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Retrospective Study: The association of blood lactate concentration with outcome in dogs with idiopathic immune-mediated hemolytic anemia: 173 cases (2003–2006)

Authors

  • Melissa L. Holahan DVM,

    1. Section of Critical Care, Department of Clinical Studies, School of Veterinary Medicine, University of Pennsylvania, Philadelphia, PA 19104.
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  • Andrew J. Brown MA, VetMB, DACVECC,

    1. Section of Critical Care, Department of Clinical Studies, School of Veterinary Medicine, University of Pennsylvania, Philadelphia, PA 19104.
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  • Kenneth J. Drobatz DVM, MSCE, DACVECC, DACVIM

    1. Section of Critical Care, Department of Clinical Studies, School of Veterinary Medicine, University of Pennsylvania, Philadelphia, PA 19104.
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  • Dr. Holahan current address: The College of Veterinary Medicine, Michigan State University, East Lansing, MI 48823, USA.

  • Presented in part at the International Veterinary Emergency and Critical Care Symposium, Phoenix, AZ, September 2008.

Address correspondence and reprint requests to
Dr. Melissa L. Holahan, The College of Veterinary Medicine, Michigan State University, East Lansing, MI 48823, USA. Email: dettlof6@cvm.msu.edu

Abstract

Objective – To determine the association of blood lactate with outcome and response to transfusion therapy in dogs with idiopathic immune-mediated hemolytic anemia (IMHA).

Design – Retrospective study.

Setting – Urban veterinary small animal emergency hospital.

Animals – One hundred and seventy-three client-owned dogs with IMHA.

Interventions – None.

Measurements and Main Results – Serial blood lactate concentration, therapeutic interventions, and outcome were recorded. Nonsurvivors were defined as those that died or were euthanized. One hundred and thirty-three dogs (77%) survived, 35 (20%) were euthanized, and 5 (3%) died. One hundred forty-five dogs (84%; 145/173) had a lactate concentration above the laboratory reference interval [0.46–2.31 mmol/L] on presentation. Blood lactate at presentation was higher in the nonsurvivors (median 4.8 mmol/L; 0.5–13.6) compared with survivors (median 2.9 mmol/L; 0.3–13.2) (P<0.01). All dogs presenting with hyperlactatemia that normalized (<2.0 mmol/L) within 6 hours of admission survived, whereas, 71% of dogs that had a persistent hyperlactatemia at 6 hours survived (P=0.034). Lactate was positively correlated with age, BUN, and alkaline phosphatase, and inversely correlated with PCV. Receiver operating curve analysis for lactate concentration at admission as a test for outcome had an area under the curve of 0.69 with an optimal lactate cutoff concentration of 4.4 mmol/L correctly predicting outcome 73% of the time (sensitivity 60%, specificity 77%).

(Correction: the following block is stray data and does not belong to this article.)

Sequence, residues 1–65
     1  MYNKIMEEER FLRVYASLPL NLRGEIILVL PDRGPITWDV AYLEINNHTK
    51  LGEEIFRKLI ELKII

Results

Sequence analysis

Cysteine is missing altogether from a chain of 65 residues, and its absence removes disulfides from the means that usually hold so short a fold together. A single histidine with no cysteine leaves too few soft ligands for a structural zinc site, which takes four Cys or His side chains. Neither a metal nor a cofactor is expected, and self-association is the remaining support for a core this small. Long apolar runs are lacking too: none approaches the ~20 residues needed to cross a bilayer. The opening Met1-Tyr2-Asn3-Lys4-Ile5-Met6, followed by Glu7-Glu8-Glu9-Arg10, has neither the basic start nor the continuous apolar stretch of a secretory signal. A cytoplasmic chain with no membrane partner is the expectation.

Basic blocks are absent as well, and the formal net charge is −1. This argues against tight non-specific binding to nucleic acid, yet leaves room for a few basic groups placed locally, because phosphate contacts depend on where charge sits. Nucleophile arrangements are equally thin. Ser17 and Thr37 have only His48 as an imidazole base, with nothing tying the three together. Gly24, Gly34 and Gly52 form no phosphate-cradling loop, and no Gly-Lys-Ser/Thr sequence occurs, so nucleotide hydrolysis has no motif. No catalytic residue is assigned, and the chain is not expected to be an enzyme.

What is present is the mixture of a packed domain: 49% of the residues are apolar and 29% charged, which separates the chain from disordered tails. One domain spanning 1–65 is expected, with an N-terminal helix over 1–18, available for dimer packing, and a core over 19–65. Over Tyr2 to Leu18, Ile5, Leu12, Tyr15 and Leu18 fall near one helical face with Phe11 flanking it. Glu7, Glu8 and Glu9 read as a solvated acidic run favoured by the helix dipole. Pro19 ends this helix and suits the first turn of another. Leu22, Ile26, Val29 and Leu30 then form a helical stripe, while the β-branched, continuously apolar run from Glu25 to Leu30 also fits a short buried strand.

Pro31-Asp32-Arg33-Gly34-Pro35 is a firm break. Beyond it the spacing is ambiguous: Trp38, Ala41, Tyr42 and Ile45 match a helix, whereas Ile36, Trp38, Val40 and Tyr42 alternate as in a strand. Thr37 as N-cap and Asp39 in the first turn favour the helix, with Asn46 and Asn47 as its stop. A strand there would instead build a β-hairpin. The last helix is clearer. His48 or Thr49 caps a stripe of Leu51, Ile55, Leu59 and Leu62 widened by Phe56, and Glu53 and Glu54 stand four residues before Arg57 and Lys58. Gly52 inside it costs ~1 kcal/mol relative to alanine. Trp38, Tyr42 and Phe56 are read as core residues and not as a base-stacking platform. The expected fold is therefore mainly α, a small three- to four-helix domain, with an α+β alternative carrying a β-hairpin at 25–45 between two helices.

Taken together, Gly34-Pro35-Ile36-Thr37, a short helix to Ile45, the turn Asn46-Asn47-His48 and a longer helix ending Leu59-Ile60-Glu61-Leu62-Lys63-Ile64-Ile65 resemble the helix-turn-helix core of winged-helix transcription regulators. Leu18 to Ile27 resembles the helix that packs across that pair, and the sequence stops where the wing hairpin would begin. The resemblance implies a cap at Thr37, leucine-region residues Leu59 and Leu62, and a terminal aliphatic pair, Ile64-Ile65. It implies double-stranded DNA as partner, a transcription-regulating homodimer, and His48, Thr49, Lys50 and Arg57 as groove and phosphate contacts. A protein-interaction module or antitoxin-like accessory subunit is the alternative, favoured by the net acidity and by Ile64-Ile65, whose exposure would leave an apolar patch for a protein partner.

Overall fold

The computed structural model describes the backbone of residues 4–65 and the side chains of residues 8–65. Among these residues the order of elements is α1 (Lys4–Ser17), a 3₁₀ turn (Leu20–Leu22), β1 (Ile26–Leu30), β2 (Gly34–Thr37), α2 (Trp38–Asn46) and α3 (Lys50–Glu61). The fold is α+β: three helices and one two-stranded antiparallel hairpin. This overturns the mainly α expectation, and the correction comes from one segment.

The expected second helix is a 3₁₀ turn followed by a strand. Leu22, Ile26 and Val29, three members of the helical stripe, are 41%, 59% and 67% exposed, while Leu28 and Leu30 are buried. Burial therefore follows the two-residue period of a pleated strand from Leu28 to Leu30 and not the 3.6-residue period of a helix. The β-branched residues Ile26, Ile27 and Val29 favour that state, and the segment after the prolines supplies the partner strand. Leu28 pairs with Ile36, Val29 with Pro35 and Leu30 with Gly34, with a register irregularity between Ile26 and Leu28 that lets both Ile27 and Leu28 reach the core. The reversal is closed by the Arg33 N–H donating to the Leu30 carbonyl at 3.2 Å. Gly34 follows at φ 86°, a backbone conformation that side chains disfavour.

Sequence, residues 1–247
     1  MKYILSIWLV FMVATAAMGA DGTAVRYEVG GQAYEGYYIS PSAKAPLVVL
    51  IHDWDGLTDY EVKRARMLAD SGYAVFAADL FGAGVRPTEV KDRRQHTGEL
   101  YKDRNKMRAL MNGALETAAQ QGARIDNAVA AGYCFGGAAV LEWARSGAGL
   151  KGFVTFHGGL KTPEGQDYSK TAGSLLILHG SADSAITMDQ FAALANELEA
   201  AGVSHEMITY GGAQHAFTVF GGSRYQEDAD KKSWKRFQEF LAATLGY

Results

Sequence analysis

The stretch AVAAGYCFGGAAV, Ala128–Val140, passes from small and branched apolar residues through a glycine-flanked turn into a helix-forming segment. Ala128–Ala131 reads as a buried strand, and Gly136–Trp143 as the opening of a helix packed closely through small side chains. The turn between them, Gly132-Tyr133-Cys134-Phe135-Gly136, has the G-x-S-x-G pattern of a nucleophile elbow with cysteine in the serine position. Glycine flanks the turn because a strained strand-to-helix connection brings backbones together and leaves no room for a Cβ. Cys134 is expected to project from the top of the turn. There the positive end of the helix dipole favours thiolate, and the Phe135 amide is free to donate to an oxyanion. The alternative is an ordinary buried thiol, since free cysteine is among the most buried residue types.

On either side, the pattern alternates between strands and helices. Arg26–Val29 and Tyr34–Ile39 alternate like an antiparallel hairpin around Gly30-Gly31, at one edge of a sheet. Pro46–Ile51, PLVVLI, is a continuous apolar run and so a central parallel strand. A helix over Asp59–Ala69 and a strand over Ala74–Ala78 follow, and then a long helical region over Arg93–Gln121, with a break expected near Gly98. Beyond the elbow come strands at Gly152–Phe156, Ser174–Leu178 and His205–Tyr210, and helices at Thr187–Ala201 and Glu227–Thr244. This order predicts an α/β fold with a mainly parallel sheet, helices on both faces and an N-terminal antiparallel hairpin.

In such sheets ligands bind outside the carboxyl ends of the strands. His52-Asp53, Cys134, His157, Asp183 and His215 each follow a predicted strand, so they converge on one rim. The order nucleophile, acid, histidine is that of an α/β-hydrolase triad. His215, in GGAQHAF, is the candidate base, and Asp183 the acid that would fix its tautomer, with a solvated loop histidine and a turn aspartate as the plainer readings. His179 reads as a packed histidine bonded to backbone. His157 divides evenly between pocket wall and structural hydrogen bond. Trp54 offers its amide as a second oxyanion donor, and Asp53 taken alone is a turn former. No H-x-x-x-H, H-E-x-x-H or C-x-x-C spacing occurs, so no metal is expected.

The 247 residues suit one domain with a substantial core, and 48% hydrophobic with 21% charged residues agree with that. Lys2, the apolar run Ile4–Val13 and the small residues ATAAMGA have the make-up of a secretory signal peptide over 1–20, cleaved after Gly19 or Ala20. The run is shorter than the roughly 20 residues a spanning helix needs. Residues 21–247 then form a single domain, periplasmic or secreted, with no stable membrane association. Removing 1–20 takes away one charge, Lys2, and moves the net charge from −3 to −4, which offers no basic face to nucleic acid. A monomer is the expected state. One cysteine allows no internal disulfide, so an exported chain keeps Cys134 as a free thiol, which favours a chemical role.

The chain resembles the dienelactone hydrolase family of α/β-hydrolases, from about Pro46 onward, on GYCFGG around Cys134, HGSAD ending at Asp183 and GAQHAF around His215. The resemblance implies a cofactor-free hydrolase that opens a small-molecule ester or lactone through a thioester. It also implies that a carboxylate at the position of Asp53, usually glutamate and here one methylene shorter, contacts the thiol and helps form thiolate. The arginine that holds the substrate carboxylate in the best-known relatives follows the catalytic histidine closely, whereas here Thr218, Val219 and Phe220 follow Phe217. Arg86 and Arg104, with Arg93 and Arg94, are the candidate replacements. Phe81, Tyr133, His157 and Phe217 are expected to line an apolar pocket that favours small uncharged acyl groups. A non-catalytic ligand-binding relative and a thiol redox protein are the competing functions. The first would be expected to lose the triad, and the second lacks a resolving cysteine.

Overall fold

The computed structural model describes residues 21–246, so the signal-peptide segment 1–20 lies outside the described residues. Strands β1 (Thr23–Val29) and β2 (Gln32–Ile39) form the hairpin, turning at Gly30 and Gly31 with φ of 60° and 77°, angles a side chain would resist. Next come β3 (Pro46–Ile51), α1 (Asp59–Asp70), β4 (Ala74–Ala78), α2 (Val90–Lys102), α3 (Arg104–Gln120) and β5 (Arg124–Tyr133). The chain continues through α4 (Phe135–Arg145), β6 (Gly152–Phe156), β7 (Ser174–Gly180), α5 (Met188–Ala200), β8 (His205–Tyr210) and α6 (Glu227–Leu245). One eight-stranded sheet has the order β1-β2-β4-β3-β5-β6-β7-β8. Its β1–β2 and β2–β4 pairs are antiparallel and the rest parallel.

Conclusions – Lactate concentration at presentation was significantly higher in nonsurvivors than survivors. Lactate was significantly correlated with previously reported outcome variables but lactate concentration at admission, as a predictor for outcome was less than optimal. However, serial lactate concentration measurements may be more predictive as patients with persistent hyperlactatemia 6 hours after admission were less likely to survive. Prospective studies evaluating serial lactate concentration while controlling for other variables may provide further insight into lactate measurement as a prognostic indicator in animals with IMHA.

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